July 4 Celebrations, Long Ago
There was a really big party in South Natick 118 years ago.
About 8,000 folks gathered for festivities in the village on July 4, 1901, to celebrate the revolutionary history of America and also to honor the 250th anniversary of the founding of Natick as the first “Praying Indian Town” in the Massachusetts Bay Colony.
Among the happy crowds were nearly 150 descendants of the Rev. John Eliot, who, with the Algonquian leader Waban, established Natick on a beautiful bend in the Charles River in 1651. These men and women, who hailed from two dozen states and called themselves “the Eliot family of America,” held their own party on July 3 in the Eliot Church. They also gathered under the nearby “Eliot oak,” where, according to tradition, John Eliot had preached to the original “Praying Indians.” A report of the celebration indicated there were no known descendants of Eliot living in Natick at the time.
During a full day of scheduled activities, everyone had a great time in the style to which Natick’s good folks were accustomed at the turn of the century. The program of events and the highlighted activities may not seem like rockin’ good fun to many folks today. No outdoor big screen TVs. No fighter plane flyovers. No on-stage rock bands with mountains of speakers.
There were flags and red, white, blue, and “Indian yellow” bunting all over the place, on virtually every home, shop, and building stretching for a half mile along Pleasant Street. Nearly 1,000 yards of cotton bunting was used to brighten the village. The report of the extravagant July 4 event noted: “The Eliot church (Unitarian) was also finely decorated, and its beauty was something to admire…The Bacon [Free] Library was also beautifully decorated with bunting and flags.”
There were speeches galore, good eats in the festive tents, lengthy readings of original poetry, a colorful and well-orchestrated regatta on the river, fireworks (the program listed “Rockets, Bombs and Shells”), and hearty singing of patriotic songs by the massed thousands of celebrants.
There was serious entertainment. Lt. Gov (later Gov.) John L. Bates was the kick-off speaker in the morning, and U. S. Rep. John F. “Honey Fitz” Fitzgerald followed with an address grandly titled “The Duty Massachusetts owes to the Memory of John Eliot.” Fitzgerald was expansive: “…What tender memories cluster around Eliot’s Indian Bible! What a lesson it must speak to each heart and what associations does it not present to our mind! John Eliot’s life teaches us that labor has a quasi-omnipotence, that without there is no excellence, that it is the law and condition of all progress…”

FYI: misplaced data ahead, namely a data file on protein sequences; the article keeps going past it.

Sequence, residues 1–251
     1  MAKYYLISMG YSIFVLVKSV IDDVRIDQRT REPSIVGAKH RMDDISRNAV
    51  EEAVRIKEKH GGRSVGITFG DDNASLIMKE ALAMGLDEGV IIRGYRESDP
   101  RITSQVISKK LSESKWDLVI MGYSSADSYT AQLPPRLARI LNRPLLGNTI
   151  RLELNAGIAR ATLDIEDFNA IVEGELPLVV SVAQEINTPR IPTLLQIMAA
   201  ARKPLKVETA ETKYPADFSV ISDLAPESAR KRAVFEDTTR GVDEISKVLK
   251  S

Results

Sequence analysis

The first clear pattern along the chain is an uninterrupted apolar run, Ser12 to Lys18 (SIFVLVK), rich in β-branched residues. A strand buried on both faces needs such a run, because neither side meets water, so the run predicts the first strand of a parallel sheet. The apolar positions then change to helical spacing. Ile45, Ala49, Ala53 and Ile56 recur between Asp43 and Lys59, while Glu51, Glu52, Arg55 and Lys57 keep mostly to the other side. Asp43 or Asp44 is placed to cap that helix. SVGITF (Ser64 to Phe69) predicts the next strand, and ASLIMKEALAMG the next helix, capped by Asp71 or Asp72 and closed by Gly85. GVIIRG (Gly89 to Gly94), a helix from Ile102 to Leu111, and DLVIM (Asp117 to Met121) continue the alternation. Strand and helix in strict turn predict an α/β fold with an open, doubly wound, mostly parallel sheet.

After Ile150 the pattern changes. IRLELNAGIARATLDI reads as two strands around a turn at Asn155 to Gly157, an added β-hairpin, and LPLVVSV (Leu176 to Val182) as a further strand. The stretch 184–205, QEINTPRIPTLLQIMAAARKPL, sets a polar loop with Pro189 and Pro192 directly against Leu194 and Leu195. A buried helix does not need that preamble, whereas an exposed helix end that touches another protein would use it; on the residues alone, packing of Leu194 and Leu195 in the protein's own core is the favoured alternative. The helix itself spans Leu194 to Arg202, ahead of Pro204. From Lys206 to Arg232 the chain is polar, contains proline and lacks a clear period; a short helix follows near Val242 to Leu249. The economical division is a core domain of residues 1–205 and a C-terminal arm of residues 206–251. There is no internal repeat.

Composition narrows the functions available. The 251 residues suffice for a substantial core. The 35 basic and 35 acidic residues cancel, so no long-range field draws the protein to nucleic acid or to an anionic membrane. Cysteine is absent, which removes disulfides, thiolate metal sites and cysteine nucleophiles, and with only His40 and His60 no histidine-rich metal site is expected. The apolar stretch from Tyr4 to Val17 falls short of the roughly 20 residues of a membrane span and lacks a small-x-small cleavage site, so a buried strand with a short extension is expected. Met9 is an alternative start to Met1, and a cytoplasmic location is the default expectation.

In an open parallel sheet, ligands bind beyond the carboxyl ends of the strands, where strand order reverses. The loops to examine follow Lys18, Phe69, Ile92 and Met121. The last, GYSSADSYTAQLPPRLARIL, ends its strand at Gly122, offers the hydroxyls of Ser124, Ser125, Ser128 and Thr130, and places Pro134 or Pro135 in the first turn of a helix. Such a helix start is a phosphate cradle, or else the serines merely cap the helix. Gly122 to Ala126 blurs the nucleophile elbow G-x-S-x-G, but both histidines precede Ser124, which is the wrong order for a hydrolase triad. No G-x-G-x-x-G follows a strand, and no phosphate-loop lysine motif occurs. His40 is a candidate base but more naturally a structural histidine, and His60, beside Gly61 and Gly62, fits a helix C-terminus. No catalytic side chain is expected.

The regatta on the Charles River was the afternoon event. It offered prizes in 16 categories, including Single Paddle Canoe, Working Boats, Tub Race, Polo Horse Race, Steam Launches, Indian Canoes, Hurry-Scurry, and War Canoes. No noisy motorboats to spoil the tranquil scene. (For those not fully tuned in to regatta lingo, the “hurry-scurry” featured boats secured in the river, waiting for their owners to swim from shore, climb in, and race to the finish line).
The Celebration Committee of the Historical, Natural History and Library Society of South Natick (now the Natick Historical Society) reported that the event cost $1,623.57, including $98.27 for “erection of the Grand Stand” and $7.80 for “fitting up grounds for care of Horses, Bicycles, &c.” Apparently most of Natick’s policemen were there: the treasurer’s report listed $29.00 “paid for Police Protection of Decorations, &c., and Dinner and Supper for whole Force.” [“Dinner” was the main meal of the day, often consumed at mid-day more than 100 years ago.]
The Natick Citizen gave its account: “South Natick did herself proud last Thursday and is entitled to a great amount of credit. When a handful of people can attract eight thousand persons to their borough, with celebrations in towns bordering them, it speaks volumes for their enterprise and management…We doubt if a cleaner or more entertaining affair was ever held in the state, and it doesn’t seem possible that it could be improved on.”
There was lots of the kind of poetry that was esteemed as good entertainment at a public celebration in 1901. Mrs. Wilimena Eliot Emerson of Detroit, MI, recited her original poem of 28 stanzas commemorating the 1651 settlement of Natick, beginning with:
All hail, ye verdant hills and leafy streams!
Ye forest rocks and bays! our childhood’s dreams
Were woven in your magical embrace
Whose sweetness naught can ever quite efface.
Our fathers found thee! saw the primal plan
Of meadow, brook and glade unspoiled by man,
The sylvan solitude, th’ unsullied mountain brow—
Wearing its summer’s green, its winter’s snow.
New England beautiful! to-day we pour
Libations free and gladsome on thy shore!
After two hundred years and fifty more have sped
We greet the living and invoke the dead!
Selected sources and additional reading:
Natick Historical Society collections.
Proceedings of the Reunion of the Descendants of John Eliot “The Apostle to the Indians” at Guilford, Conn., Sept. 15th, 1875; Second Meeting at South Natick, Mass. July 3d, 1901 and the Two Hundred and Fiftieth Anniversary of the Founding of South Natick by John Eliot and His Praying Indians July 4th, 1901. Publisher unknown, no date.